It helps that the main character Tana is a bit more realistic than a typical heroine in a vampire story. Although I found myself questioning her actions at the beginning, she quickly grew on me, and it’s hard not to hate a scared young woman trying desperately to help her friends when her entire world is going to hell in a handbasket. Gavriel is more of an enigma, straddling the line between romantic hero (with an appropriate tragic backstory) and monster, and Tana is all too aware of that even as she realizes she’s falling for him (tropes, remember?). The book doesn’t let her (or the reader) be complacent, and just as you’re starting to warm to the vampires, the fangs come out and remind you that while they might have pretty faces, they are still Other, and the Other is dangerous. One thing I also appreciated is that this book is a standalone title, so prospective readers don’t have to worry about committing to a series.

That said, although I liked the book, it’s definitely not one I’ll be reading year after year. I had to be in a particular mood to appreciate it, and I also feel that while the abundance of tropes adds to the book’s charm, I felt like there were ample opportunities to try something different, although the major twist at the end was interesting. I can easily see that it won’t be to everyone’s taste, and I completely understand anyone who says they’re turned off by the melodrama. This is a book that begins every chapter with a quote from Romantic poets about death, after all, which seems like something out of angsty fanfiction.

In terms of diversity, there are a few characters of colour, the most prominent being Jameson, who is Latino, and Valentina is a trans girl (who, interestingly, came to Coldtown wanting to be turned because she couldn’t afford gender confirmation surgery). Aidan, Tana’s ex, is bisexual, a flawed character who makes a number of questionable decisions but eventually comes through in the end.

Potential triggers include copious descriptions of blood-drinking as well as bloody imagery in general, the vampires in this book mostly drink with the aid of stints and needles. There’s also at least one explicit description of torture.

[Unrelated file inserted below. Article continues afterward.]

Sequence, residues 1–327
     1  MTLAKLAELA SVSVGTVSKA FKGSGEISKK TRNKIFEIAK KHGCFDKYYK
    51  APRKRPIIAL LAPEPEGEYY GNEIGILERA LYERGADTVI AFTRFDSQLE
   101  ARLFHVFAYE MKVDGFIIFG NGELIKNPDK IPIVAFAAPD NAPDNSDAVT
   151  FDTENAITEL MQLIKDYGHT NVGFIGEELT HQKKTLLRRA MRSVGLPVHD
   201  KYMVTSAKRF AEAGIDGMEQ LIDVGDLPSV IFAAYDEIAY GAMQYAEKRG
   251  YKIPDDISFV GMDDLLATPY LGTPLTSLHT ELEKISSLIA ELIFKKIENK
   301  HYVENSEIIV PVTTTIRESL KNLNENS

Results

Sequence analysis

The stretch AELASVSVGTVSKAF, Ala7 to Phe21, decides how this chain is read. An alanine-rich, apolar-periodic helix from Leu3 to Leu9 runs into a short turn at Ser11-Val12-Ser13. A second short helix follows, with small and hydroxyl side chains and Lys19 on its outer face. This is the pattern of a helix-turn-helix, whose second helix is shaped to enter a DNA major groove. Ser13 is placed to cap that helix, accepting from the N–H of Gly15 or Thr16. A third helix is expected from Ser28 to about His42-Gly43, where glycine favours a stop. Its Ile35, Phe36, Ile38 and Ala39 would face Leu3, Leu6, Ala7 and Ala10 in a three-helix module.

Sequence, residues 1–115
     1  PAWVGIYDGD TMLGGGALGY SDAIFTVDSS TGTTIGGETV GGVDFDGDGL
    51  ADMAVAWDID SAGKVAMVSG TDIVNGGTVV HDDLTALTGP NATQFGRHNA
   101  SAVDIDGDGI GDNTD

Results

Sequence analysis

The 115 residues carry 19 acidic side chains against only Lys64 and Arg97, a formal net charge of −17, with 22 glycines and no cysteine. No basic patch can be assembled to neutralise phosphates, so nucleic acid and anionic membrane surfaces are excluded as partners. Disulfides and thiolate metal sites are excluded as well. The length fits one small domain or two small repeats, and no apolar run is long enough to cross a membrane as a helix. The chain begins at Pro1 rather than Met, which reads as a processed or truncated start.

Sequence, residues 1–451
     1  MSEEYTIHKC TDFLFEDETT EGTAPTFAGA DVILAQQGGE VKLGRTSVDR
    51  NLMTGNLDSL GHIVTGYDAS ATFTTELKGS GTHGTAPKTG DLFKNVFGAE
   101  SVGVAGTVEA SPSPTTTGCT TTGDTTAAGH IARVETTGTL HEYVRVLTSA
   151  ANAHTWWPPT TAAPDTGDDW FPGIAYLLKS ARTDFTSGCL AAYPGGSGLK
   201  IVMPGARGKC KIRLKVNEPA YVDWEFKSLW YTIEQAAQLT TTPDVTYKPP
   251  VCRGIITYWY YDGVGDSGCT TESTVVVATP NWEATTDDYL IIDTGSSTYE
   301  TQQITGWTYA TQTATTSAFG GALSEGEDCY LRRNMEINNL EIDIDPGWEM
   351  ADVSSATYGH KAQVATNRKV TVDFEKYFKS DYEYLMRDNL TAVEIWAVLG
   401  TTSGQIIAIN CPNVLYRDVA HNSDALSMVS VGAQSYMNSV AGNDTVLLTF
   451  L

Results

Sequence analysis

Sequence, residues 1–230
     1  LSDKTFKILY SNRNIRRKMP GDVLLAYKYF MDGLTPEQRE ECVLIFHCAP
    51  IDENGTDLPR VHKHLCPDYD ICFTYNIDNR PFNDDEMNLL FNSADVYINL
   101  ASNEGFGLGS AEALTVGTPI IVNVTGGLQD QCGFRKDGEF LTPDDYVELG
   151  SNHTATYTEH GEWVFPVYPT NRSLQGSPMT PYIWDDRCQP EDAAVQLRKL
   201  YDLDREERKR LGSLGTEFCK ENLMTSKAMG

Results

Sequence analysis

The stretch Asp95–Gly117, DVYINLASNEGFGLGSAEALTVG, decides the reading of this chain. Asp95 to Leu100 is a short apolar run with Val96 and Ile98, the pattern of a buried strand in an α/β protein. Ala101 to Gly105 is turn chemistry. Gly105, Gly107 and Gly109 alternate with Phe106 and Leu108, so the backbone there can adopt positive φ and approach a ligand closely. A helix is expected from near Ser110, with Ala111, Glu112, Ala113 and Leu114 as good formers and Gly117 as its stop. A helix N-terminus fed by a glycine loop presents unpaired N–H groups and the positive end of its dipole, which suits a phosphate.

The Coldest Girl in Coldtown is a strange book that I would have absolutely hated if it had been written by anyone else. I won’t say I absolutely 200% loved it, and it was incredibly slow at times. but I ended up liking it despite my initial impression of it as too melodramatic for its own good. It’s definitely not for everyone but if you want a weird homage to modern vampire fiction, this just might be your ticket.

Deck Review: The Green Witch Tarot

I have a weakness for “Pagan” decks even though I recognize, as a non-Wiccan, that most of them don’t cater to people who aren’t some flavour of Wiccan. Usually I like to wait until decks come out to get a glimpse of as much of the art as possible, but in this case, I was captivated as soon as the first preview images were available.

Green Witch Tarot Cover

The author of the companion book is Ann Moura, and the artist is Kiri Østergaard Leonard. The deck is billed as one that will help you “align with the natural energies of the Old Religion.” The deck and companion book are packaged in the same flimsy Llewellyn box as decks like the Tarot of Vampyres. The cards are the typical size for decks published by Llewellyn, but are borderless, the card stock is thin and flimsy. Many of the majors have been renamed to reflect (Neo-) Wiccan principles. The Hierophant is the High Priest, Death is the Lord of Shadows, the Fool is the Greenman, the Devil is Nature, Strength is the Crone and so on and so forth. The suit names are chalices, wands, athames, and pentacles, and the courts are King, Queen, Knight, and Page.

The major draw of this deck for me is the art. The deck has a very romanticized rustic feel, from the Knight of Pentacles atop her sturdy workhorse to the dramatic Wild Hunt scene in the titular Wild Hunt card (the Tower in traditional tarot), to the beautiful fairy bathing in a pool in the Star. This deck is a feast for the eyes, and each has a plant and animal associated with it that is featured on that card. The images are just detailed enough to spark your intuition but not so detailed that the cards seem busy. It really is easy to get lost in these images. Many of the images in poster form could easily fit into a ritual room if you’re into a certain “witchy” aesthetic.

The book is a full companion book that is about 240 pages. Every card gets a large black and white image and about a page of information. The majors also have a section where you can write notes. The book also includes seven spreads: Witch’s Circle (Celtic Cross), Elemental Cross, Wheel of the Year, Mystic Pyramid, Nine-Card Square, a Yes/No spread, and a Tree of Life spread.

Although all four seasons are depicted in this deck, this deck has a very autumnal feel to me, or at least a harvest theme. As someone who loves autumn and farmer’s markets, I immediately took to this deck. It’s the sort of deck you can curl up with in front of a fire with a hot drink. In some ways it reminds me of the Victorian Fairy Tarot. As for how it reads, I’d say the deck did pretty good with test readings, and a single card can tell some interesting stories.